Story image

Is your IT delivering the goods?

21 Aug 11

It's an unavoidable fact that every day we all get a little older.  It's also true that some of us age better than others.  Some of us get a little slower and occasionally it can take longer to adapt to new thoughts and new ways of doing things. Some people never manage to adapt at all.

It's the same with software. The software solution that happily managed to guide you two years ago may not be quite so fast or powerful today.  Even if you've meticulously maintained the software and installed all the updates and new releases, the solution may still be inefficient.

If you believe that your software is getting on in years, ask yourself: does it include modern, integrated productivity tools such as client relationship management, document management and workflow?  Does the software deliver practical functionality that helps you to streamline processes and operate more efficiently?  Is the system reliable and are updates easy to install?

And, most importantly, do you feel that your current supplier offers good value? If the answer is no to any of these questions, it may be time for replacement.

What to consider 

If you do decide to seek an alternative system, keep in mind that you'll want your new software up and running in time for the beginning of the new financial year. To give yourself time for implementation, administrator training and staff familiarisation, try to conduct your research and evaluations as early as possible.

One of the first things to review is functionality.  Business systems today offer many optional integrated modules but as you evaluate each solution consider:

•Is the software easy enough to use that new staff can get to work quickly, with minimal training?

•Can you use the latest version without upgrading your computer hardware?

•If you do have to upgrade, how much will it cost?

•Does the software integrate seamlessly with Microsoft Word, Outlook, Excel or the mobile devices used by your staff?

•Would on-screen editing of reports save you time?

Speak to other users and find out about their experiences.  Check how their implementations went and ask about support. You need to know that if anything does go wrong, there'll be professional help available to fix the problem quickly.

The big switch 

Once you've made your software choice, it's time for deployment. Typically this falls into four stages:

1. Pre-implementation analysis whereby the software vendor will help you to look at existing work- flows and consider whether there are better ways of doing things.   This is the time to note what kind of standard reports you are going to need, how you want your documents to appear and to establish what kind of security settings you will require.

2. Installation and configuration: The vendor will load and configure your new applications and migrate client and financial data from your old software system to the new.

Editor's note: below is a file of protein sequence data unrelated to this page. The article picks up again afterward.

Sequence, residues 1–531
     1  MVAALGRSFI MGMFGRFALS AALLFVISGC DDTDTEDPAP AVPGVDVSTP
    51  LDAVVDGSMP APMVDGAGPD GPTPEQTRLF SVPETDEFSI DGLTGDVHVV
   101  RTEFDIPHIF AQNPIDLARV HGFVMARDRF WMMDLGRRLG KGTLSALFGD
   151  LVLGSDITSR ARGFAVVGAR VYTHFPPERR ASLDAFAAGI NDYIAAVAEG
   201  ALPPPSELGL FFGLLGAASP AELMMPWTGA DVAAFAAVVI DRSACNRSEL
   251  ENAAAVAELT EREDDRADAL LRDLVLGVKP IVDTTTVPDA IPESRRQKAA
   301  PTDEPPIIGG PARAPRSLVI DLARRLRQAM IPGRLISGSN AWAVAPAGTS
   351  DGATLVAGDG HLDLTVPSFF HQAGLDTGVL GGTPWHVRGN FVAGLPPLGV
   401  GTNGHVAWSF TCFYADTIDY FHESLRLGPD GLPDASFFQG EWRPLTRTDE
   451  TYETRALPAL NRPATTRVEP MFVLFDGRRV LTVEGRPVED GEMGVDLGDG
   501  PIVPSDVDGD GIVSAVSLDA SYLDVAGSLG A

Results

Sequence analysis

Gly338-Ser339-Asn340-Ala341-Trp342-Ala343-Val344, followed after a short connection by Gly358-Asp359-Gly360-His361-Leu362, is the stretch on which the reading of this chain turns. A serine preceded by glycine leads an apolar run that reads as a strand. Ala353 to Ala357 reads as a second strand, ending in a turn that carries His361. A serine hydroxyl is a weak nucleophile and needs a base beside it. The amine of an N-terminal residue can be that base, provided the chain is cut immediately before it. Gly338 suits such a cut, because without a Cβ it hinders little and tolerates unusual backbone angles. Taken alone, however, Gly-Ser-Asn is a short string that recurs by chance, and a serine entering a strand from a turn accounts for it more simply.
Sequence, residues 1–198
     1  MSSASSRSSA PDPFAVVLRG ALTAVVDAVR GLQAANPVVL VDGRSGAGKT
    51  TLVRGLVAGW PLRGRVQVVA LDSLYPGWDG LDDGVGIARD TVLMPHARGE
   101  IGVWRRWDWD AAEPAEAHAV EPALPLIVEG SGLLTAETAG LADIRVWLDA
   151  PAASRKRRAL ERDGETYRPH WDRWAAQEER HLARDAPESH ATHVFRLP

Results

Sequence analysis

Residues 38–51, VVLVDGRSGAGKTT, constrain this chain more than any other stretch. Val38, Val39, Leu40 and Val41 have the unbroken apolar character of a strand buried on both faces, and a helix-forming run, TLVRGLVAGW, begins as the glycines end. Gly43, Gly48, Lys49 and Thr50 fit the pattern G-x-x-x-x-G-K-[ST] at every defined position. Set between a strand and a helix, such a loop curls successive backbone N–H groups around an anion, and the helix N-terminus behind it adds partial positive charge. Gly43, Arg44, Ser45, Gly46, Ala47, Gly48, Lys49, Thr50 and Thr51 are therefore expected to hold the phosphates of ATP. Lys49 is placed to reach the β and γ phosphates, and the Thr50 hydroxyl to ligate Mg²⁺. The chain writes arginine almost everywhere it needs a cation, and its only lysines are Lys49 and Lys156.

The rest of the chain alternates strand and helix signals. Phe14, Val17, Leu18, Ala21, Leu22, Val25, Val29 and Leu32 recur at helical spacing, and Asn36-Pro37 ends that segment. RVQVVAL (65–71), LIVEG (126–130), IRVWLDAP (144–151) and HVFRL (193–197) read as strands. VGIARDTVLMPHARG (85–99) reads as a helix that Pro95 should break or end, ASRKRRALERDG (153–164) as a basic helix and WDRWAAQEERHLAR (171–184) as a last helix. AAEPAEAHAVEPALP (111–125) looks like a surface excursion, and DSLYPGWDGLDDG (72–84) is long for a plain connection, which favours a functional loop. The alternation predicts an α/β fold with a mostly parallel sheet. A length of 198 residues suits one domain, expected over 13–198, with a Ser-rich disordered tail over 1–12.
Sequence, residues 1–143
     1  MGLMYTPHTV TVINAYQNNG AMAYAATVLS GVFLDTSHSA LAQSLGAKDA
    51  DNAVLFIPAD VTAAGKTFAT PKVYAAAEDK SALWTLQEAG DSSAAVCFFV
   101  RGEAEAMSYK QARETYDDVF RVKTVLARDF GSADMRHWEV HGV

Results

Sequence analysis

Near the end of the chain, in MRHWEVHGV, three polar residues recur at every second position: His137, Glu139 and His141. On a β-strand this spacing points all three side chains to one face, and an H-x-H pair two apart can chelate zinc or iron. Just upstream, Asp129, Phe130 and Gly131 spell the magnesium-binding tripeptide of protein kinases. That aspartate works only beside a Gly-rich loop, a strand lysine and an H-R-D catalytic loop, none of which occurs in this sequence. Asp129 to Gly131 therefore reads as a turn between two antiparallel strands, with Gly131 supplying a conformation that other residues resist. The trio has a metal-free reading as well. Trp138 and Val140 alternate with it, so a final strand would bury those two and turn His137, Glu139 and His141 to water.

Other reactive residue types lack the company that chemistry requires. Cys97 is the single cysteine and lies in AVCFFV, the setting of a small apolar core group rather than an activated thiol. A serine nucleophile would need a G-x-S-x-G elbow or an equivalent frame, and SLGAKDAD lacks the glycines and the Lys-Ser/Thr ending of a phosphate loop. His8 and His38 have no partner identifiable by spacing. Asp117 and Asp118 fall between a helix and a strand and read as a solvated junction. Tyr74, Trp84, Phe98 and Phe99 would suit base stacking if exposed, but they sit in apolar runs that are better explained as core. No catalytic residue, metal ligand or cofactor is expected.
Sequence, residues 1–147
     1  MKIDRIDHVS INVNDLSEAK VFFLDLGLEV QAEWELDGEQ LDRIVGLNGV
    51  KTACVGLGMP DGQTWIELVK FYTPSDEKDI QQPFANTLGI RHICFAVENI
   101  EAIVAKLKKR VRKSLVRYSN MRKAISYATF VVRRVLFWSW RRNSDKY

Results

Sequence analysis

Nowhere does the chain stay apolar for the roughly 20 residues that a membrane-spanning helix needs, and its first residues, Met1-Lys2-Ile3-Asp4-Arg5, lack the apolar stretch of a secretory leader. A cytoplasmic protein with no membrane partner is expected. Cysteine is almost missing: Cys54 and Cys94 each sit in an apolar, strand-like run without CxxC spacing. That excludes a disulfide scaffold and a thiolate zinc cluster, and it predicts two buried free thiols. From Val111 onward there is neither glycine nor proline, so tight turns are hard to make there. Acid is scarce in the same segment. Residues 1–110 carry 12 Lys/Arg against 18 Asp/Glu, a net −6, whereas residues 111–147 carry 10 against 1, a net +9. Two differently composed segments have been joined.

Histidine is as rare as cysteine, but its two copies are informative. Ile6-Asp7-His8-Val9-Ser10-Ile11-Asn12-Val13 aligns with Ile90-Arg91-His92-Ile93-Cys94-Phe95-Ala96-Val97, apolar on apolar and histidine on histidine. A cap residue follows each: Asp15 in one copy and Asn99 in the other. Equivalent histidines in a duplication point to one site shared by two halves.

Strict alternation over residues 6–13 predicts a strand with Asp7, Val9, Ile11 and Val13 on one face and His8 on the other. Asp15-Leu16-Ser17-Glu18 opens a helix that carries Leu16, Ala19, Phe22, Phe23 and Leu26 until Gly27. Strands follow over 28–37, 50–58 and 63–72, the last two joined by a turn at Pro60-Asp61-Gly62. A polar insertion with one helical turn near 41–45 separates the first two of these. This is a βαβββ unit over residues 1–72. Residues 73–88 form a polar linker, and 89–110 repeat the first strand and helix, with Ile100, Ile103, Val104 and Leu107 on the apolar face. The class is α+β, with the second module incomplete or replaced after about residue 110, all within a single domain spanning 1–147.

3. Training:  Never forget to schedule training to teach your team how to use the software.  Training is essential if you want to ensure user acceptance and a fast time to productive use.

4. Post-implementation review: Once the software is up and running, it's important to review the results.  Are the system and work flows delivering the outcomes you were after? Before you close the project, you need to ensure that the system and workflows are delivering the intended outcomes.

A new start… 

Nobody likes changing software systems but if your IT business applications are no longer delivering the goods, it may be time to switch. Ensuring a clean system start for a new year makes good bookkeeping sense and it's a wise use of time before your firm enters the annual tax compliance season. With a little bit of planning and preparation and the right software partner, you can ensure that your change of system occurs smoothly, swiftly and with little - or no - disruption to your day-to-day business.

Mike Lorge is managing director for Sage Business Solutions. Go here for more.

52mil users affected by Google+’s second data breach
Google+ APIs will be shut down within the next 90 days, and the consumer platform will be disabled in April 2019 instead of August 2019 as originally planned.
GirlBoss wins 2018 YES Emerging Alumni of the Year Award
The people have spoken – GirlBoss CEO and founder Alexia Hilbertidou has been crowned this year’s Young Enterprise Scheme (YES) Emerging Alumni of the Year.
SingleSource scores R&D grant to explore digital identity over blockchain
Callaghan Innovation has awarded a $318,000 R&D grant to Auckland-based firm SingleSource, a company that applies risk scoring to digital identity.
IDC: Standalone VR headset shipments grow 428.6% in 3Q18
The VR headset market returned to growth in 3Q18 after four consecutive quarters of decline and now makes up 97% of the combined market.
Spark Lab launches free cybersecurity tool for SMBs
Spark Lab has launched a new tool that it hopes will help New Zealand’s small businesses understand their cybersecurity risks.
Preparing for the future of work – growing big ideas from small spaces
We’ve all seen it: our offices are changing from the traditional four walls - to no walls. A need to reduce real estate costs is a key driver, as is enabling a more diverse and agile workforce.
Bluetooth-enabled traps could spell the end for NZ's pests
A Wellington conservation tech company has come up with a way of using Bluetooth to help capture pests like rats and stoats.
CERT NZ highlights rise of unauthorised access incidents
“In one case, the attacker gained access and tracked the business’s emails for at least six months. They gathered extensive knowledge of the business’s billing cycles."